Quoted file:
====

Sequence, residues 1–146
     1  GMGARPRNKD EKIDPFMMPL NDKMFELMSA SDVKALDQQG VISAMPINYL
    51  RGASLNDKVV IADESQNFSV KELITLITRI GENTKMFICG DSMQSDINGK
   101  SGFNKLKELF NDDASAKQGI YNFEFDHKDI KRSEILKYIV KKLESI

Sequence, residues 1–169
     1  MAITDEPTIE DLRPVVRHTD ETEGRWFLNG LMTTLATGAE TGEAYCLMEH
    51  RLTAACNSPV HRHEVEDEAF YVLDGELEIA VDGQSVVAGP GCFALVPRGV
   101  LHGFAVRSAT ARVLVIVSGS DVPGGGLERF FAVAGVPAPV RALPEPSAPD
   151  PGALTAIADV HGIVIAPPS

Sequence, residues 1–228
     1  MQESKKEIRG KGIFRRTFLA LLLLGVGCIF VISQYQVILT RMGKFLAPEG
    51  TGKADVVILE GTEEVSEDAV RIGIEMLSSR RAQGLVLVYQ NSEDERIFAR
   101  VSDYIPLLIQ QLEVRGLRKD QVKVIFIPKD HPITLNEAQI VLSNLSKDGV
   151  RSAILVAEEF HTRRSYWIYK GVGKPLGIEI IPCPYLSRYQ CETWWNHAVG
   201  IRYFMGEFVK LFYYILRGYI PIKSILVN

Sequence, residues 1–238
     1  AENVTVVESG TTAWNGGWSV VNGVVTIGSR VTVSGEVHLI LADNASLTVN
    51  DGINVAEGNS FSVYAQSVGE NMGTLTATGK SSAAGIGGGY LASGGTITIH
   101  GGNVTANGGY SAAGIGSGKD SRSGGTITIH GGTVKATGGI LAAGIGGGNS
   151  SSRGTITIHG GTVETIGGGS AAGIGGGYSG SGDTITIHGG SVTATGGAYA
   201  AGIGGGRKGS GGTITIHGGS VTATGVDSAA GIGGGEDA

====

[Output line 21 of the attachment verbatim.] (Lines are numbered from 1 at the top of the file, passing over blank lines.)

   201  AGIGGGRKGS GGTITIHGGS VTATGVDSAA GIGGGEDA